Apple Music Tells Artists And Labels It Now Pays Twice As Much As Spotify Per Stream – Live for Live Music


Apple Music sent a letter to artists and labels on Friday claiming that it now pays double the rate of Spotify per stream. This news comes as artists around the globe—financially crippled by the loss of touring income—continue their calls for higher royalty rates on streaming platforms.

According to figures from 2020 obtained by NME, Spotify US paid $0.00437 per stream on average while Apple Music paid $0.00735 on average. Now, Apple Music claims to have raised its rates to one cent per stream across the board. The letter, which was also published on the platform’s artist dashboard page, also added that rates can vary according to subscription plans and the country in which the user is listening.

“As the discussion about streaming royalties continues, we believe it is important to share our values,” Apple Music said in the letter. “We believe in paying every creator the same rate, that a play has a value, and that creators should never have to pay [for their music to be promoted by Apple].”

Related: Spotify Announces “Spotify HiFi” High-Quality Audio Subscription During ‘Stream On’ Event [Video]

While increased streaming rates are welcomed news, the issue remains that Spotify dwarfs Apple Music in terms of subscribers. Spotify is the world’s largest streaming platform and hosts 155 million paid subscribers and 345 million users overall. Meanwhile, Apple Music last confirmed its subscriptions at 60 million users in June 2019, but industry figures show that the number is now closer to 72 million. Apple Music also noted that 52% of subscription revenue is paid to record labels.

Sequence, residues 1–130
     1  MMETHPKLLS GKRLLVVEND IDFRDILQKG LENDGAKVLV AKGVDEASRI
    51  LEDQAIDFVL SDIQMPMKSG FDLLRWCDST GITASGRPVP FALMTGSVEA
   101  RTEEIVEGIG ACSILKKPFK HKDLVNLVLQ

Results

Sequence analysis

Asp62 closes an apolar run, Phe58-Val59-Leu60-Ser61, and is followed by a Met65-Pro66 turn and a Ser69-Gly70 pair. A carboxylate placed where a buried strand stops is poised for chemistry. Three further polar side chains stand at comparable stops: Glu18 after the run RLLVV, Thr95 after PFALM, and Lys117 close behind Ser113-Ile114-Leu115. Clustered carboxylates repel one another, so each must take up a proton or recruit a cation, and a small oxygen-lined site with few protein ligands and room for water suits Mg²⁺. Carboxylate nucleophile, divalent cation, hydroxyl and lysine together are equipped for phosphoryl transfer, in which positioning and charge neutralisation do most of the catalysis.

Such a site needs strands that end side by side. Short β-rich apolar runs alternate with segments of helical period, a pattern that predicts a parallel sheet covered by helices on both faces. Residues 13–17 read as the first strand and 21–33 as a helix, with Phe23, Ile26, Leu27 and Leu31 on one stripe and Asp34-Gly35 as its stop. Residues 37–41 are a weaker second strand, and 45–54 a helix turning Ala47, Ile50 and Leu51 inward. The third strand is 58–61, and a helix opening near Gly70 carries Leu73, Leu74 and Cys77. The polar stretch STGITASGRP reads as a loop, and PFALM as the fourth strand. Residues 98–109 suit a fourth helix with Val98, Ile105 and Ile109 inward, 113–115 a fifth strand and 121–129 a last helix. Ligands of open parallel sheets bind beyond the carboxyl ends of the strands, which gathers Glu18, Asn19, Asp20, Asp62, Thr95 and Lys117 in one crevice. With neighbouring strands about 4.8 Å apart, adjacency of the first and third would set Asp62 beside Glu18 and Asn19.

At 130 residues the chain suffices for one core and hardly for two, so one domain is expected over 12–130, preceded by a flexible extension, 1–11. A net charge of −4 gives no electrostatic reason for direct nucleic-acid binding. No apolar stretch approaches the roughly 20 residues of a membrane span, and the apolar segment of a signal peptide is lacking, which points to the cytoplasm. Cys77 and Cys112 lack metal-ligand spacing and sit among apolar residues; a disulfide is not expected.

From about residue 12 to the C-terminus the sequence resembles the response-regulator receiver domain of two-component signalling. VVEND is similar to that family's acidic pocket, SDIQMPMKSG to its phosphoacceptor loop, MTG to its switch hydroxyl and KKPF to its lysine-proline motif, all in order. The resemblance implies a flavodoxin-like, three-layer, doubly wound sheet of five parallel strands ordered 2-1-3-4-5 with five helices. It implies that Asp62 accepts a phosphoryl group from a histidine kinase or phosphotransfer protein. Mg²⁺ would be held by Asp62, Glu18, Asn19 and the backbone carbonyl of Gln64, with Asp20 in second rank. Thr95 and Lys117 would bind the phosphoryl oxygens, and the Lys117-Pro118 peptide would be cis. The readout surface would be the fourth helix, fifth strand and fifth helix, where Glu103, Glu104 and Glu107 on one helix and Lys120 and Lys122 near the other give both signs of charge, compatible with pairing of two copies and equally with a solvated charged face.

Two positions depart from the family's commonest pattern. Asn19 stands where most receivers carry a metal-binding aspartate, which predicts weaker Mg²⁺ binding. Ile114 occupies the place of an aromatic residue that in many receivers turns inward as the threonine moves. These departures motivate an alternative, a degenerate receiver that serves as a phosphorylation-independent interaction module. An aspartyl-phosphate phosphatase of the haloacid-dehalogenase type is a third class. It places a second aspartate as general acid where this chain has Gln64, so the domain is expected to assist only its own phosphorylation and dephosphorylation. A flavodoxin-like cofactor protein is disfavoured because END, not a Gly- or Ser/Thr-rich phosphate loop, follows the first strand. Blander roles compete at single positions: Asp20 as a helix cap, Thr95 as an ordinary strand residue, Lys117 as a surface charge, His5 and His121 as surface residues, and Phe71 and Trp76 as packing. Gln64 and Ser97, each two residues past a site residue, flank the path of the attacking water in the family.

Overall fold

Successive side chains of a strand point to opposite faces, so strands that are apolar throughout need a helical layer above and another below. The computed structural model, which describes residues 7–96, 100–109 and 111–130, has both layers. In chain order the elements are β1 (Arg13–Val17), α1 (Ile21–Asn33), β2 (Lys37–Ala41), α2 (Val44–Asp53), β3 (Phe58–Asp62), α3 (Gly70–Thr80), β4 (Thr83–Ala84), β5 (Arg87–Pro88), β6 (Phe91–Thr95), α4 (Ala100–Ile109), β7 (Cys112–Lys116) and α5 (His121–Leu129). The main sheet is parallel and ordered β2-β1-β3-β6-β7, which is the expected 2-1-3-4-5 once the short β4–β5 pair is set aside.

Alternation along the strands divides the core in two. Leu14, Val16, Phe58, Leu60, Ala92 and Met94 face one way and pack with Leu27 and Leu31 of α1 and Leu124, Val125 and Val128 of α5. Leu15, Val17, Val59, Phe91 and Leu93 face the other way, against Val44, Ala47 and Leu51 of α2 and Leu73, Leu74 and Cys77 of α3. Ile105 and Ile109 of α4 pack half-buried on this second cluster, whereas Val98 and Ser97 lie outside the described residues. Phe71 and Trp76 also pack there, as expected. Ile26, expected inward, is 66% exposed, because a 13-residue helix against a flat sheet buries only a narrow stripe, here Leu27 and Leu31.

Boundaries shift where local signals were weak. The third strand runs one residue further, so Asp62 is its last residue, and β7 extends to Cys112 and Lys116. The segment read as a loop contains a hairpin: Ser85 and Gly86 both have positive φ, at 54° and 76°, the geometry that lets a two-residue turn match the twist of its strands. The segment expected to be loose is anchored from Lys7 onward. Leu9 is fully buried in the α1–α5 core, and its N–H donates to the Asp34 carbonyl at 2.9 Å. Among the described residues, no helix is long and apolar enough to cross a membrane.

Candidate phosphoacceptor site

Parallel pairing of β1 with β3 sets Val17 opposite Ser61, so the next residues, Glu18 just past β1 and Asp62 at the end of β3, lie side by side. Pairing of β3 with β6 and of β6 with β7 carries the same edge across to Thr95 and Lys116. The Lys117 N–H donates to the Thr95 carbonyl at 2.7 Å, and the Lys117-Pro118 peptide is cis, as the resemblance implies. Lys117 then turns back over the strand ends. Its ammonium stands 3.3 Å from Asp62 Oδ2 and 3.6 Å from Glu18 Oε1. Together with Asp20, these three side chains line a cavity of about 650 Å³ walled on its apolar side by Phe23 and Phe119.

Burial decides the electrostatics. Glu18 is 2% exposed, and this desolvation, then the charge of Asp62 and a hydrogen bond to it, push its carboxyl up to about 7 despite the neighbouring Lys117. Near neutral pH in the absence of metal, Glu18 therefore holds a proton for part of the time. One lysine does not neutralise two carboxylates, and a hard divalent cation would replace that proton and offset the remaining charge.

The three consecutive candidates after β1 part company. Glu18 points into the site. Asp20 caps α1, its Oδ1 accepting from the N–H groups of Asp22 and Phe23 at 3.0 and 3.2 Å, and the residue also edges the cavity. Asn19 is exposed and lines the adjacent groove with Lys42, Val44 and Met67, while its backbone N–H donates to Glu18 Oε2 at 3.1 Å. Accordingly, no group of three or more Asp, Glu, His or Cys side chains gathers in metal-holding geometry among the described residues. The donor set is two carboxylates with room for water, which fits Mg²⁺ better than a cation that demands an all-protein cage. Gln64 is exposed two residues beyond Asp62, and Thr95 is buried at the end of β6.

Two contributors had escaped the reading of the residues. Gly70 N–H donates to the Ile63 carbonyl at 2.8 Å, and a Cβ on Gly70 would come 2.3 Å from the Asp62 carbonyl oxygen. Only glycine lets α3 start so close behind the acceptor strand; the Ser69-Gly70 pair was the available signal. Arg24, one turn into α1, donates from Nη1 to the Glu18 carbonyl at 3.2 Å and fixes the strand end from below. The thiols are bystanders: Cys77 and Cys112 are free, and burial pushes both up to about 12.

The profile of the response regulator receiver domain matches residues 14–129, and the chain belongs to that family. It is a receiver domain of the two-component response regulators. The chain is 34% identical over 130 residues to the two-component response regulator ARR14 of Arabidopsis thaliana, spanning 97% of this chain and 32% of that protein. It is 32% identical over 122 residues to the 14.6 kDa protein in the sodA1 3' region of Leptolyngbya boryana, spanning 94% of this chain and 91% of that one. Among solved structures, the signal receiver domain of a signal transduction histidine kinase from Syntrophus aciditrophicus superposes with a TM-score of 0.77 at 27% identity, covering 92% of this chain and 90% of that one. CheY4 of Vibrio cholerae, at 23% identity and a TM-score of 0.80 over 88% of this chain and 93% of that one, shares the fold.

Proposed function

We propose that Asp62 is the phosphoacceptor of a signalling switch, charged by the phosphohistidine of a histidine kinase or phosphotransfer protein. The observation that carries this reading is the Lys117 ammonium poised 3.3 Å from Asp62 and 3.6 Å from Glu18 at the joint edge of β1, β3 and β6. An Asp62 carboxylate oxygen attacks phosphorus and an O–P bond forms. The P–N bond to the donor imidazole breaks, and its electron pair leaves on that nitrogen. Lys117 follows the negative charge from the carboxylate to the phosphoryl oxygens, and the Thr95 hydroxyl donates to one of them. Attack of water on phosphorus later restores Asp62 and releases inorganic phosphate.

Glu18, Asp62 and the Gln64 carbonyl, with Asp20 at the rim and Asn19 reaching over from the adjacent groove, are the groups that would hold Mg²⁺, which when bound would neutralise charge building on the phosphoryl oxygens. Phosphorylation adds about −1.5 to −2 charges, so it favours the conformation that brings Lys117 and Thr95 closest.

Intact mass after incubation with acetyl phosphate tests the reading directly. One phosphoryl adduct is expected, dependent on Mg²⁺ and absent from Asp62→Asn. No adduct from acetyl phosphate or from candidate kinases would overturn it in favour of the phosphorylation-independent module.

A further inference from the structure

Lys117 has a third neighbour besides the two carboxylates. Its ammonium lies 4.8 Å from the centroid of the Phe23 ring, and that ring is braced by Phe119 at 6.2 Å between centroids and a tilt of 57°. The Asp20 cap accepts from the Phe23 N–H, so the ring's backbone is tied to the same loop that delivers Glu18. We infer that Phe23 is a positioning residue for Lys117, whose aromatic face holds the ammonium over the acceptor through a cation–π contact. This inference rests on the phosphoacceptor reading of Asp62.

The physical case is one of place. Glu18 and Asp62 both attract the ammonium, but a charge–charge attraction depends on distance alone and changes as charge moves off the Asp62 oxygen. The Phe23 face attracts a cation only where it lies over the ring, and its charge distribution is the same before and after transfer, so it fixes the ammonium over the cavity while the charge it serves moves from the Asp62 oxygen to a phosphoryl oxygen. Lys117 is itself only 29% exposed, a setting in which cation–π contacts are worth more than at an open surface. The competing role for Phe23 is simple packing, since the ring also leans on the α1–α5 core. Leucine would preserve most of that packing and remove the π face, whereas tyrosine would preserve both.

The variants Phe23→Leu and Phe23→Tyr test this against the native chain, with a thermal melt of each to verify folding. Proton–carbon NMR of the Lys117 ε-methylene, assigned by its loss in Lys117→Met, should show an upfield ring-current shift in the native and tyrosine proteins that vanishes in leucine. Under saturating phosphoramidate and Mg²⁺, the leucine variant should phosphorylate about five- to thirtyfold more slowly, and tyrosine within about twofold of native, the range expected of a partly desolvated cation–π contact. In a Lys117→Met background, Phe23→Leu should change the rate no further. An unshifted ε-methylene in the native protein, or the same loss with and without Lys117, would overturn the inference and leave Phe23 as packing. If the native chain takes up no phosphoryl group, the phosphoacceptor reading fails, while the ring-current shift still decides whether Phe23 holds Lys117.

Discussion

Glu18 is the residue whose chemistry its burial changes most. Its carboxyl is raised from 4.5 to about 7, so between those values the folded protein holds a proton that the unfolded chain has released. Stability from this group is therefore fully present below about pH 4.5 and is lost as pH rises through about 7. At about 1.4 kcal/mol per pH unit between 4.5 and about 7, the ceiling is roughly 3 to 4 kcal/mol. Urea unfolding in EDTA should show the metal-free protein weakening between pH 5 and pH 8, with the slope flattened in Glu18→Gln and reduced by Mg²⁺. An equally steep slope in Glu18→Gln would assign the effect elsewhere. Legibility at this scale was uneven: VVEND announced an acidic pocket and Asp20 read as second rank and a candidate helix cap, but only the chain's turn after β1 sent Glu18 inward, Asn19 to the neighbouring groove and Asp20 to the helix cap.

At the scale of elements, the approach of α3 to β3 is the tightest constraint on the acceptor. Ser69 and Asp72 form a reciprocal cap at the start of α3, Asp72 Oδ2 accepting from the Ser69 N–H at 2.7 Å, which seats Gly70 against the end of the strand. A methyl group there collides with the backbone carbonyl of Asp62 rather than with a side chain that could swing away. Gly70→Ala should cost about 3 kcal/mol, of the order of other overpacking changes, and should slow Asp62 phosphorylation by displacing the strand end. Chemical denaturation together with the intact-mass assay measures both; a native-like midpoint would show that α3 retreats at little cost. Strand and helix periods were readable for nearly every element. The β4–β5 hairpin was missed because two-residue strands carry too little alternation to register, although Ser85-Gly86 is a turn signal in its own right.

This latest announcement from Apple Music comes amid continued fallout against Spotify. For years, publishers and labels had demanded more streaming royalties per play on the site, calls that were only amplified by the live music shutdown. In response, Spotify last month launched a new website called “Loud & Clear” that was intended to provide transparency in how the platform attributes and distributes royalties.

The move was immediately assailed by critics as a thin attempt at gaslighting by the platform as it tried to convince artists it was their fault they weren’t making enough money. This observation is not totally out of line for Spotify, as the company’s CEO Daniel Ek penned a controversial op-ed last year that claimed, among other things, it’s “not enough” for artists to release music “every three to four years.”



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